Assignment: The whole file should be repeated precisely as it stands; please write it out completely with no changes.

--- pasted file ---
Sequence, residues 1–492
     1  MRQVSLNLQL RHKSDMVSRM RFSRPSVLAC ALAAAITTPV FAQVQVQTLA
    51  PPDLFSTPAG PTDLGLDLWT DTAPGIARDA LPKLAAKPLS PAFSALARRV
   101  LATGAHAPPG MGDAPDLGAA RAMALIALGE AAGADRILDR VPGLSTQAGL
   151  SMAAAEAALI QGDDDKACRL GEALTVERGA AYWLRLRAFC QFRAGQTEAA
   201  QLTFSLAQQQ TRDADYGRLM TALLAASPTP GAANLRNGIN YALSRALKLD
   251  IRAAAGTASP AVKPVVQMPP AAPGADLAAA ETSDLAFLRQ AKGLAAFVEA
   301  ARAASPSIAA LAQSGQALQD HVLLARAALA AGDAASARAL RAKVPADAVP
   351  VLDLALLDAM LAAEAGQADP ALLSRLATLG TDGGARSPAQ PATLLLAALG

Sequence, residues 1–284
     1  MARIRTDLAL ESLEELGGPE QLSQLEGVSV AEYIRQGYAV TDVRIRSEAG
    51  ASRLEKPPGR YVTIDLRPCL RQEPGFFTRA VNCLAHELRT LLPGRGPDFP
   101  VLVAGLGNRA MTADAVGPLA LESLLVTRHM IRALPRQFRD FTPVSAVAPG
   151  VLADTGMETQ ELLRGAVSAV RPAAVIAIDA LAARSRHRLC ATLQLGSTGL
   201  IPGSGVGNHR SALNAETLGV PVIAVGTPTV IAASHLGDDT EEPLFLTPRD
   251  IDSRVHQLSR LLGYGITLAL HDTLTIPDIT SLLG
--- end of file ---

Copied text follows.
Sequence, residues 1–492
     1  MRQVSLNLQL RHKSDMVSRM RFSRPSVLAC ALAAAITTPV FAQVQVQTLA
    51  PPDLFSTPAG PTDLGLDLWT DTAPGIARDA LPKLAAKPLS PAFSALARRV
   101  LATGAHAPPG MGDAPDLGAA RAMALIALGE AAGADRILDR VPGLSTQAGL
   151  SMAAAEAALI QGDDDKACRL GEALTVERGA AYWLRLRAFC QFRAGQTEAA
   201  QLTFSLAQQQ TRDADYGRLM TALLAASPTP GAANLRNGIN YALSRALKLD
   251  IRAAAGTASP AVKPVVQMPP AAPGADLAAA ETSDLAFLRQ AKGLAAFVEA
   301  ARAASPSIAA LAQSGQALQD HVLLARAALA AGDAASARAL RAKVPADAVP
   351  VLDLALLDAM LAAEAGQADP ALLSRLATLG TDGGARSPAQ PATLLLAALG

Sequence, residues 1–284
     1  MARIRTDLAL ESLEELGGPE QLSQLEGVSV AEYIRQGYAV TDVRIRSEAG
    51  ASRLEKPPGR YVTIDLRPCL RQEPGFFTRA VNCLAHELRT LLPGRGPDFP
   101  VLVAGLGNRA MTADAVGPLA LESLLVTRHM IRALPRQFRD FTPVSAVAPG
   151  VLADTGMETQ ELLRGAVSAV RPAAVIAIDA LAARSRHRLC ATLQLGSTGL
   201  IPGSGVGNHR SALNAETLGV PVIAVGTPTV IAASHLGDDT EEPLFLTPRD
   251  IDSRVHQLSR LLGYGITLAL HDTLTIPDIT SLLG